Horace Lorenzo Anderson Sr., the father of a 19-year-old black man who was shot and killed last month inside Seattle’s Capitol Hill Organized Protest (CHOP) autonomous zone, appeared on “Hannity” Wednesday night, asking for answers, telling the public that police and Seattle Mayor Jenny Durkan have failed to reach out to him since his son’s murder. Nobody contacted him, and they wouldn’t even let him see his son for weeks.
“They need to come talk to me and somebody needs to come tell me something, because I still don’t know nothing,” an emotional and grieving father told host Sean Hannity. “Somebody needs to come to my house and knock on my door and tell me something. I don’t know nothing. All I know is my son got killed up there.
“They say, ‘He’s just a 19-year-old.’ No, that’s Horace Lorenzo Anderson. That’s my son, and I loved him.”
The younger Anderson was killed early on the morning of June 20, when shots were fired near Cal Anderson Park on 10th Avenue and East Pine Street inside the CHOP zone. A 33-year-old man was also wounded in the shooting.
Mr. Anderson broke down in tears as he talked about learning of his son’s death.
“The only way I found out was just two of his friends, just two friends that just happened to be up there and they came and told me,” he said. “They weren’t even from Seattle. Now, mind you, I haven’t heard — the police department, they never came …
“Someone should’ve came and knocked on my door and … should’ve been, like, coming to talk to me and let me know about my son. To this day, I really don’t know nothing. I’m still here sitting. I don’t know nothing.”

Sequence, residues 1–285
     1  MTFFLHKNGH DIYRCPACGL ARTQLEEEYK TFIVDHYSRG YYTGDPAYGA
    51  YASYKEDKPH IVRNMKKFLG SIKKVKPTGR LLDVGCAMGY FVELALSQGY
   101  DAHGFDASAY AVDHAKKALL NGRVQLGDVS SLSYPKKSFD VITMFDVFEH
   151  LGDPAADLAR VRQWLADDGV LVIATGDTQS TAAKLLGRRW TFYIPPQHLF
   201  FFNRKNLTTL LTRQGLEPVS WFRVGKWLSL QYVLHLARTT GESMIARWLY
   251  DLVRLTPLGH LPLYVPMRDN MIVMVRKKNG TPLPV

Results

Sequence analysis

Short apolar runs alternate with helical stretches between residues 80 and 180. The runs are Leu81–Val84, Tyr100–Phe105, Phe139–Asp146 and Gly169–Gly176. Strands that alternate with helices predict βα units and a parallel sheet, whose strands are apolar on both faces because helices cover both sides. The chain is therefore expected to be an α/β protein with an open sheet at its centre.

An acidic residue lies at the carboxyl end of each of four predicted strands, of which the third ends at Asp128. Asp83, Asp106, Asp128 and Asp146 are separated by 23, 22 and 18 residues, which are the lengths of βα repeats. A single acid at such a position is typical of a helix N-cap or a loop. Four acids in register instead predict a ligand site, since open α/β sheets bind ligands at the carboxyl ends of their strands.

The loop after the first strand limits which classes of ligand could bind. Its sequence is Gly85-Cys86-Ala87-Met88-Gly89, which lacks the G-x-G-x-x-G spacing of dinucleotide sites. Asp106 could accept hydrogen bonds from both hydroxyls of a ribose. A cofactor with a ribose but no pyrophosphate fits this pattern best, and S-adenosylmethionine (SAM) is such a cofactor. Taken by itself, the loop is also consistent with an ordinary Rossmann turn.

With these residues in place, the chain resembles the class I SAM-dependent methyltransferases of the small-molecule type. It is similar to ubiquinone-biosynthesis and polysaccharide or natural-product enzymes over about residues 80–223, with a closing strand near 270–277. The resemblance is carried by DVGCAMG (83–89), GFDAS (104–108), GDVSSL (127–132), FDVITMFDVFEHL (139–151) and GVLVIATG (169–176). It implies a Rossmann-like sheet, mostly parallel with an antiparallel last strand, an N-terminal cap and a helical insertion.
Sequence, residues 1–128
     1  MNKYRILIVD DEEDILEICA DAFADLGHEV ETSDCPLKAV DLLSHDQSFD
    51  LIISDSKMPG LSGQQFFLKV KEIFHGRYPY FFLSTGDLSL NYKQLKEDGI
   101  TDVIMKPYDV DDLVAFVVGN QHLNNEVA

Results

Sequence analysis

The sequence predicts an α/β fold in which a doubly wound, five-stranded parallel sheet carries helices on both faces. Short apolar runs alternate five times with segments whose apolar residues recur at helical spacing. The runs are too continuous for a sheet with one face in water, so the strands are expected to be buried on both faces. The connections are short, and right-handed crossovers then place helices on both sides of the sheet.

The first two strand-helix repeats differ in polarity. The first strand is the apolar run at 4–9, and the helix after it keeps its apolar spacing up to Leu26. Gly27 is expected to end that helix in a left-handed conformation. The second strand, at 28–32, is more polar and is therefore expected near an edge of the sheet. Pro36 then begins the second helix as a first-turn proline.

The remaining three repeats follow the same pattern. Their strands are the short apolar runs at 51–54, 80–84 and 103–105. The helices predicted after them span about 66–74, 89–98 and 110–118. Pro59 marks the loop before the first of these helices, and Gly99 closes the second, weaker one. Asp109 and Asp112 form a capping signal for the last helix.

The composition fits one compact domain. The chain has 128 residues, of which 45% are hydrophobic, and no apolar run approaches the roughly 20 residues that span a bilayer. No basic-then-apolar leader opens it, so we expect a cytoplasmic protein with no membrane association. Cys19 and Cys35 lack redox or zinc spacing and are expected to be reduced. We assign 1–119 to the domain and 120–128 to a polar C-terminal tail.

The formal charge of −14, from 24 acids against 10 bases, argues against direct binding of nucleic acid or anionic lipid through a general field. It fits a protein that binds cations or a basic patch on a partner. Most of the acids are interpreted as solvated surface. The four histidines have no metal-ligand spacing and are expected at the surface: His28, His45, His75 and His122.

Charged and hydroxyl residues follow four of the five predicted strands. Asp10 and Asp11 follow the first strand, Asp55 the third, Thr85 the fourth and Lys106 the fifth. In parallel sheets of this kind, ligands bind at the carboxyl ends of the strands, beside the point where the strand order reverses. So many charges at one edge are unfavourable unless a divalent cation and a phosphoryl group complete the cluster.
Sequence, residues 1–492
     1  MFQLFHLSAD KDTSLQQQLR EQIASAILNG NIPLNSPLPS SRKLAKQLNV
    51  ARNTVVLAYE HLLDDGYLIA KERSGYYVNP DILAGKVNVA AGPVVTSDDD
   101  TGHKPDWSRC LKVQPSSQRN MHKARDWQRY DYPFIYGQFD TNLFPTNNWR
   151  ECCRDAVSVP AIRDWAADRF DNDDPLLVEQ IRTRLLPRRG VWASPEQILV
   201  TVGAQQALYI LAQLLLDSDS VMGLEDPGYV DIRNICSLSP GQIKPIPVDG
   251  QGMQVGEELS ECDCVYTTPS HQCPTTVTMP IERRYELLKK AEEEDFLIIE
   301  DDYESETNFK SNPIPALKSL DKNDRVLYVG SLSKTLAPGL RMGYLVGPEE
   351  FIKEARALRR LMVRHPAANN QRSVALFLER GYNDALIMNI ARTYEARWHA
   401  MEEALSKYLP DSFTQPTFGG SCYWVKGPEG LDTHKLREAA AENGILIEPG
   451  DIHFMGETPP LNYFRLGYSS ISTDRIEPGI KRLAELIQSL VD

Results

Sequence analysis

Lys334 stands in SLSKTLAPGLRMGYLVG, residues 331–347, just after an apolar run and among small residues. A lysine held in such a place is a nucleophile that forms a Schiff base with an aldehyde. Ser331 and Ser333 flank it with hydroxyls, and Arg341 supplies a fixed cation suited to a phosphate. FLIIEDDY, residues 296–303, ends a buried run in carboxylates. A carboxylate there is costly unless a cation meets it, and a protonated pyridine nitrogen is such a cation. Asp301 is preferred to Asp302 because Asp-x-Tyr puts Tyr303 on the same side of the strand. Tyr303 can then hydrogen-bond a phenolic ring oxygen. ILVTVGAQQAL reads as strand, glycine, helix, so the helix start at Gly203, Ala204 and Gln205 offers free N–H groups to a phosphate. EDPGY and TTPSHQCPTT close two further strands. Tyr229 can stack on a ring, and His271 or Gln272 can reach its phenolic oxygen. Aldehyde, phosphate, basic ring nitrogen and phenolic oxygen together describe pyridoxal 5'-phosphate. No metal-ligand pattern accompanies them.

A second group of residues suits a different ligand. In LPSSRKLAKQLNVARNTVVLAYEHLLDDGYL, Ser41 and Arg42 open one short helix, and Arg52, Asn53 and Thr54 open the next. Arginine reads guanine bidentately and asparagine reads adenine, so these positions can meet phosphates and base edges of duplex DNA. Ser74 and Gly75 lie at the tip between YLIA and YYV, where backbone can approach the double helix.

Folks, if you get emotional really easy, be prepared before you watch this video. Even if you think you can handle it, this video will bring tears to your eyes. The love this man has for his murdered son is palpable.
We are only going to show it in the interest of letting the world see that what blue states and cities are allowing has real-world consequences.
Mr. Anderson’s son was murdered, and Seattle let him know that his life didn’t matter.
The grieving father, who buried his son on Thursday, told Hannity that he’s “numb” and hasn’t been able to sleep as questions about his son’s last moments remain unanswered.
“I still don’t know what’s going on,” he said. “I’m hearing from YouTube. I don’t know nothing. All I know is my son is dead. I’m still trying to figure out answers so I can sleep. I don’t sleep. My kids don’t sleep. I can’t even stay at home. My kids, they feel like they are unsafe at home. I’ve been buying motel rooms and I don’t have that type of money. I wasn’t prepared for this.”
“My son needed help, and I don’t feel like they helped my son,” Anderson said of law enforcement. “My son needed help, and I don’t feel like they helped my son … I feel like he doesn’t — without this, he would just be nobody. He’s just — it doesn’t matter, he’s just another guy. Just another child, just swept up under the rug and that’s it and forgotten about.”
At one point during the interview, Hannity became emotional as Anderson described the daily trauma of waking up to the realization and the knowledge that his son is no longer alive. He is no longer with us.
I wake up in the morning … I look for my son in the morning. He’s not there no more. You know I’m saying? It’s like I go in there, I’m kissing a picture. He’s not there.”
“You’re taking away generations,” he went on. “You’re taking away our youth. You are taking away, my son never had a chance to have another child. My grandbaby would never be … that’s a generation taken from me.”
“I understand Black Lives Matter and everything that’s going on,” Anderson said at another point in the interview. “But that’s not my movement right now. My movement is [to] let them know that was my son.”
Regardless of his grief, Anderson told Hannity, “I am being a Christian now, in my heart” as he tries to guide his family through this tragedy.
“Everything is in God’s hands now,” he stated. “God’s going to take care of it, I feel like … God is going to take care of me and he is going to take care of my son.”
If that man’s pain and sorrow doesn’t move you then you’re not human. It was the saddest segment of an interview I ever saw. People need to pay for what they’ve done. Politicians who let this happen need to pay. They need to pay.
Rich is syndicated opinion columnist for David Harris Jr. and owner of Maga-Chat.com. He writes about politics, culture, liberty and faith.
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